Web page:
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At the Intersection of Faith and Culture

At the Intersection of Faith and Culture

Examining Obama’s idea of “Fundamental Transformation”

Since he has been elected president, commentators on the right have debated amongst themselves as to what Barack Obama honestly expects to gain from his policies.  One school of thought, represented by the likes of Rush Limbaugh, swears that the president seeks nothing more or less than the destruction of America.  The other school, of which Michael Medved is a key representative, insists that Obama has nothing but the best interests of the country at heart—however misplaced his mind on this matter may be.   

From which of these two positions should we choose?

Obama himself gave us more than a few hints regarding the correct answer to this question.   Setting aside everything else we know about him, we need only turn our attention back to the presidential campaign of 2008 when then Senator Obama proudly pledged to “fundamentally transform” America in the event of his election.

Even though a transformation involves change, it is a mistake to identify it with change as such.  Still, to comprehend the nature of a transformation, we must begin our inquiry with an examination of the concept of change. Fortunately, for our sake, we have a millennia-old philosophical tradition at our disposal, a tradition that stems back 2,600 years to classical Greece and that helped define Western civilization. 

From its inception, the themes of change and permanence have more or less determined the character of Western philosophy.  For this, we have the “pre-Socratic” philosophers to thank.  Parmenides, for example, thought that change must be an illusion, for change is identity-extinguishing.  This reasoning is sound.  Think about it: we know that two things are two things and not the same thing because each possesses properties that the other lacks.  But whatever changes has properties at one moment that it lacks at the next.  If change were real, then, we wouldn’t be able to identify anything.  Yet we can identify things.  Thus, change must be an illusion.

Heraclitus, in contrast, argued for just the opposite position: it is permanence that is illusory; change is the only reality.  We witness change all around us.   However, in spite of his disagreement with Parmenides over the nature of reality, that Heraclitus shared his belief that change precludes identity is gotten from his famous declaration that “one cannot step in the same river twice!”   

These early partisans of permanence and change, respectively, deserve gratitude for getting this conversation underway. Yet, thankfully, the conception of identity as exact sameness underlying their conflict has been revisited—and rejected—by subsequent generations of thinkers.  The most plausible candidate for identity, one that resonates with our “common sense” intuitions, conceives identity in terms of continuity.  On this view, something is the same thing at one moment as it is at the next, not if it never endures change, but if the changes that it undergoes are continuous with one another and, hence, capable of being assimilated.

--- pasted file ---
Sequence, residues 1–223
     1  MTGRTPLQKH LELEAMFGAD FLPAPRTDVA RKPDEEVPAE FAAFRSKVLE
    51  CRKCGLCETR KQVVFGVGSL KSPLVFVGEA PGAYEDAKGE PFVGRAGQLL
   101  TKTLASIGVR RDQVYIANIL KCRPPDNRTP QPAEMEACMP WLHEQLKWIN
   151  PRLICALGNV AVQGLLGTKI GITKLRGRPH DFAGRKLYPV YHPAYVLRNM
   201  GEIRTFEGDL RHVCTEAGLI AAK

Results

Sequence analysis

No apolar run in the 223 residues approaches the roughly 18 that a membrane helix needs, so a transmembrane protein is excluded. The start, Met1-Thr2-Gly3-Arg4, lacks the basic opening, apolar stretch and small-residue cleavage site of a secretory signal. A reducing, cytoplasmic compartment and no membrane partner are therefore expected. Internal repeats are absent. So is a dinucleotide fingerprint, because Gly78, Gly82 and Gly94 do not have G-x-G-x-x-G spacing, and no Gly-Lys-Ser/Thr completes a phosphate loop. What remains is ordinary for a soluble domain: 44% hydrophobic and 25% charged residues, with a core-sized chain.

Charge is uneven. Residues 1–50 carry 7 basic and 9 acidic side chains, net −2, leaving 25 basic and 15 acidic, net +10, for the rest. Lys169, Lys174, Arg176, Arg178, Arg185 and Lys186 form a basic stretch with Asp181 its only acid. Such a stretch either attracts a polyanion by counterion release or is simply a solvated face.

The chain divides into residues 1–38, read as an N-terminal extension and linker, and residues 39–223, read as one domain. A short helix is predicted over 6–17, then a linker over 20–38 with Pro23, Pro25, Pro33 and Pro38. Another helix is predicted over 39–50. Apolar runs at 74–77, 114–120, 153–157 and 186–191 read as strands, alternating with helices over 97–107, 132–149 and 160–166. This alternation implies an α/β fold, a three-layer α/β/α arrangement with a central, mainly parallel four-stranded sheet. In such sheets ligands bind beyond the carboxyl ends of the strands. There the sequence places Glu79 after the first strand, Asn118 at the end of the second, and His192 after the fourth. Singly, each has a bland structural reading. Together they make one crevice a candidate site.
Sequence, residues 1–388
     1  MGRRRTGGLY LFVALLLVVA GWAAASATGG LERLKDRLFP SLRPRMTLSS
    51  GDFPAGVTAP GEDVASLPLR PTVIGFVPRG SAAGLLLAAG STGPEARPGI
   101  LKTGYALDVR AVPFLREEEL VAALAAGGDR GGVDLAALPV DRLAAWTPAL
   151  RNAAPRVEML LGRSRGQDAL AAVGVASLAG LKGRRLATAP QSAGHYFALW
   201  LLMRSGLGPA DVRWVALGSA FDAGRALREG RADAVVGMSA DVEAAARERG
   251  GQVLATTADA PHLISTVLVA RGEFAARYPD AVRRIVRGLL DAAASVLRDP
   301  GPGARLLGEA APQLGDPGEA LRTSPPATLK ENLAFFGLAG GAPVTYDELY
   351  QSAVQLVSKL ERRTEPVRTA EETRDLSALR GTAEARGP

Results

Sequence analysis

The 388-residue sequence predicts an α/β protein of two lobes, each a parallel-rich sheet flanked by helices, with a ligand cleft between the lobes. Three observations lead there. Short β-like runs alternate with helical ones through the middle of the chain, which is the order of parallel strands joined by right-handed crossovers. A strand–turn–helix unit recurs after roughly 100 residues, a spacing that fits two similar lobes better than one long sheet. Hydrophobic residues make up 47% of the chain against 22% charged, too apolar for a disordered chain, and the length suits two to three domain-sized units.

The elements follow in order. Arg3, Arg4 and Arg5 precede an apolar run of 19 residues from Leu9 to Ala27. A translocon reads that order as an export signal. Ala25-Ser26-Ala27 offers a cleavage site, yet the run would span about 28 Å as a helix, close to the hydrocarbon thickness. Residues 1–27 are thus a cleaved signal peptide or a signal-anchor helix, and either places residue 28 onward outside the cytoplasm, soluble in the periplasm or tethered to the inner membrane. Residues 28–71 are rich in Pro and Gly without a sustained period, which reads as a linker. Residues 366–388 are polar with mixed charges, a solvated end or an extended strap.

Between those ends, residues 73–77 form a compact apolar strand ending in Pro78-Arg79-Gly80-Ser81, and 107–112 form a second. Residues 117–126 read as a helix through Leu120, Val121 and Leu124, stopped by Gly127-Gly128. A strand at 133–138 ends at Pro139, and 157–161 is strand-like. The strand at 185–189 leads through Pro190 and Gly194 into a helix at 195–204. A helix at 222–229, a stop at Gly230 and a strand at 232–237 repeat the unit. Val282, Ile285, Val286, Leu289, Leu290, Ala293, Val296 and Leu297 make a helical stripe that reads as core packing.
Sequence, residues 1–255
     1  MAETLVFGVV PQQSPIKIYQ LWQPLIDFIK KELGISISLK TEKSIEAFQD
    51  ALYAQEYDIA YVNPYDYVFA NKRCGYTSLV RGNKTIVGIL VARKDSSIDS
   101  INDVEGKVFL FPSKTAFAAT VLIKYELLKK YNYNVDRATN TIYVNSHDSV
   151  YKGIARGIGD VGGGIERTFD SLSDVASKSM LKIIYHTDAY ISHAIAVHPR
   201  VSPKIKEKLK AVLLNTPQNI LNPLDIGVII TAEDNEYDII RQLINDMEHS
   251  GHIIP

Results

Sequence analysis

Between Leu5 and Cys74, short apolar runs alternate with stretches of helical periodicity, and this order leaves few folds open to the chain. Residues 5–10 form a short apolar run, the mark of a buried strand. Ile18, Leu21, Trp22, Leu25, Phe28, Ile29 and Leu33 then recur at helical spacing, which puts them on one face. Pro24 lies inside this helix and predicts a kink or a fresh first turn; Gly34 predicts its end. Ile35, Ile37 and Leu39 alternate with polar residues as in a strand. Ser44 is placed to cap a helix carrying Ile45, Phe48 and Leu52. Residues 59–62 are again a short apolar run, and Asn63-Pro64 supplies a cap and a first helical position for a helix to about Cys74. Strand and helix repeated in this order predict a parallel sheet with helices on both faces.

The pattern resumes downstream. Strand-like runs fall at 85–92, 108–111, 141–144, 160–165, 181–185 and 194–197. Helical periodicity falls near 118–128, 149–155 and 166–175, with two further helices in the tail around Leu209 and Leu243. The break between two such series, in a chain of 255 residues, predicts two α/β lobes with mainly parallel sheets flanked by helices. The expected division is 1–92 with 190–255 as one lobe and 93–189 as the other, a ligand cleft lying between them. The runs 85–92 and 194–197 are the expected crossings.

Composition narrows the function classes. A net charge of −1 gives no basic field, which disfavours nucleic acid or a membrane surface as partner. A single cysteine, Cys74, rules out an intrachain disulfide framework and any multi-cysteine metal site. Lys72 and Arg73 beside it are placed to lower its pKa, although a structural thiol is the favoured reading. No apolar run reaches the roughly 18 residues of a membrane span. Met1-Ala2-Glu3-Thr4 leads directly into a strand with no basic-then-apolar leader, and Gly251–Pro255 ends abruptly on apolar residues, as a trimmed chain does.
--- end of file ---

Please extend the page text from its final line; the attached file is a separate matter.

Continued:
It is important to note that this conception of identity excludes radical or transformative change.   The person I am today bears few similarities to the person I was at two years-old, but the fact of the matter remains that I am the same person.  That is, I can justifiably point to the picture of the two year-old on the mantle and claim: “That’s me when I was a baby.”  Although the cumulative effect of the countless changes that I have undergone over the span of my life have produced a 39 year-old with characteristics dramatically different from those possessed by the two year-old I once was, these changes have been gradual and continuous with one another. 

If, however, all of my memories, my very history, were suddenly to be eliminated and replaced by the experiences of another, then I would be “fundamentally transformed” into that other.  This, though, is but another way of saying that the person who I have always been would cease to exist.  To put it even more starkly, the “fundamental transformation” of anything is simply—and literally—its death.

So, paradoxically, “fundamental transformation” is beyond change altogether. Change is experienced in the process of dying, it is true, but since the dead experience nothing, the event of death can’t be said to be a change at all, for there no longer is a subject to suffer the change.  In other words, transforming consists of radical change(s) but the transformation is beyond change.

Anyone with any doubts on this score should ask himself how his wife would respond if he expressed his wish to fundamentally transform her.  The answer to this question is obvious.  Most spouses, at least those in moderately successful marriages, recognize the need to make some changes in themselves.  But the desire to fundamentally transform one’s spouse is nothing other than the desire for a new spouse.

With these considerations in mind, it should now be clear that President Obama does indeed wish to destroy America.  It isn’t that he longs for destruction for its own sake. His aim is to destroy the country that we have inherited and to forge from its ashes a new America of his leftist imagination.  No doubt, Obama genuinely believes that this new America in which material resources are more “equitably” distributed among racial and other groups is morally superior the status quo.  He no doubt believes that we will all be better off for it.

However, while he may be devoid of malice, our President’s promise to fundamentally transform our country is the promise to replace it with another.

Jack Kerwick, Ph.D.

originally published at The New American

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